Gartner says software and services will push global IT spending to $4.4 trillion

Despite “one of the noisiest years on record” for CIOs, who face geopolitical disruption, inflation, currency fluctuations and supply chain challenges, IT decision makers are accelerating their IT investments to harness new and emerging technologies that can help them adapt to these volatile conditions, says research and analyst firm Gartner.

Specifically, CIOs focus on investing in analytics, cloud computing, customer experiences, and security, Gartner says. He adds that the inflationary impacts on hardware over the past two years are finally beginning to fade and trickle down to software. Spending here is expected to rise 9.8% this year and 11.8% next year.

Additionally, Gartner says technology service providers are raising prices due to a lack of IT talent and more competitive salaries. This is helping to drive up spending on IT services by 6.8% this year and 8.5% next year.

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Gartner’s analysis of IT spending over the next two years shows that the path to digital transformation takes more than two years, with IT spending increasing and expected to increase dramatically every year since the pandemic.

“For example, infrastructure as a service (IaaS) underpins all major online offerings and consumer-facing mobile apps, accounting for a significant portion of the nearly 10% growth in software spending in 2022” , says the company in its analysis.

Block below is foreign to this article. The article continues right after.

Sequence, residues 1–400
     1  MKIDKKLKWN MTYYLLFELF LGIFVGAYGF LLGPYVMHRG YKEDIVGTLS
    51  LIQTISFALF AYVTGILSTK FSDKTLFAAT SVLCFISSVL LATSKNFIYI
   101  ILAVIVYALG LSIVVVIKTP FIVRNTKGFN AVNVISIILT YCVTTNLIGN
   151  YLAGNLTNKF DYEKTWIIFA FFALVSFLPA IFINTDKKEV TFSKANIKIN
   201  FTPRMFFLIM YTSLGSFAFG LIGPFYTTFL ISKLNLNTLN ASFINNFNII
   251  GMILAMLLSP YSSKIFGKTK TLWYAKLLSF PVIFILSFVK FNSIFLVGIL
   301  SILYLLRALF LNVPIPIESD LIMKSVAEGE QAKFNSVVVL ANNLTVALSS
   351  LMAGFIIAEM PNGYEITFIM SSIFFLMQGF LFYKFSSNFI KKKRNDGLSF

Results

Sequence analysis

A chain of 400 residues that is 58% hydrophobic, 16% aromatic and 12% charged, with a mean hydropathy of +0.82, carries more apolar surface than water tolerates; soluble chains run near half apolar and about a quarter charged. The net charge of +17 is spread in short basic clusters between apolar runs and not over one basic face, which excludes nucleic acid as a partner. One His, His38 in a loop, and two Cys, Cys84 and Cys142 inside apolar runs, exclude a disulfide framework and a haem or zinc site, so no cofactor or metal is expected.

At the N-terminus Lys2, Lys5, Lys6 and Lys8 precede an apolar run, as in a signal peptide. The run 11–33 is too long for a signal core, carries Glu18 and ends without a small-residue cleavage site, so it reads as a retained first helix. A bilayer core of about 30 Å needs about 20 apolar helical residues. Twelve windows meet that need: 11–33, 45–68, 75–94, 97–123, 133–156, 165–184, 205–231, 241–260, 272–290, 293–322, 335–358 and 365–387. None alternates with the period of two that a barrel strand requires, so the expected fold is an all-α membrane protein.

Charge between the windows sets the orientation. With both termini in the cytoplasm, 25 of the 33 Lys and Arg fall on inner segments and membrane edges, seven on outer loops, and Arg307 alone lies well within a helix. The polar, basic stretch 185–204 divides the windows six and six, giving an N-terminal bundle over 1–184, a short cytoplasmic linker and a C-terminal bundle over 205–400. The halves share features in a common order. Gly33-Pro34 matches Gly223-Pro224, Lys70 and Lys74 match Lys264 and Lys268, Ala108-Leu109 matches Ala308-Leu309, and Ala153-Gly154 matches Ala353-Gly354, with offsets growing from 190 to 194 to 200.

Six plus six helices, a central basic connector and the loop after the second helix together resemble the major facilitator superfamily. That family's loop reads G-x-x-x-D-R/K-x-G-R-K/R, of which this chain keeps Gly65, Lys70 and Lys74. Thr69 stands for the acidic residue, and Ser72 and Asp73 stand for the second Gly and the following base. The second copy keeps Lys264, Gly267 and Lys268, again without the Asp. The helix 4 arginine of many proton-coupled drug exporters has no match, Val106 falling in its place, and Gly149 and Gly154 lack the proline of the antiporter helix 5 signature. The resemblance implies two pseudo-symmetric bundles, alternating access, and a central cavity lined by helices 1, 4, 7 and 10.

Additionally, digital business initiatives such as user experience and supply chain optimization are expected to push spending on enterprise applications and infrastructure software toward double-digit growth in 2023.

In the meantime, the Russian-Ukrainian crisis should not have a direct impact on IT spending. Instead, price and wage inflation, talent shortages and other delivery uncertainties will have bigger ramifications this year, the company says.

However, IT investments should continue as planned, with CIOs having the financial and organizational capacity to invest in key technologies over the next two years, said John-David Lovelock, Distinguished Vice President of Research at Gartner.

“Some IT spending was on hold at the start of 2022 due to the Omicron variant and subsequent waves, but it’s expected to disappear in the short term,” Lovelock says. “CIOs who keep an eye on key market signals, such as the analog-to-digital business shift and buying the IT to build it, as well as negotiating with their vendor partners to take on the permanent risks, will be better off in the long run. At this stage, only the most fragile companies will be forced to switch to a cost-cutting approach in 2022 and beyond.

A version of this article previously appeared on our sister site, My technical decisions.

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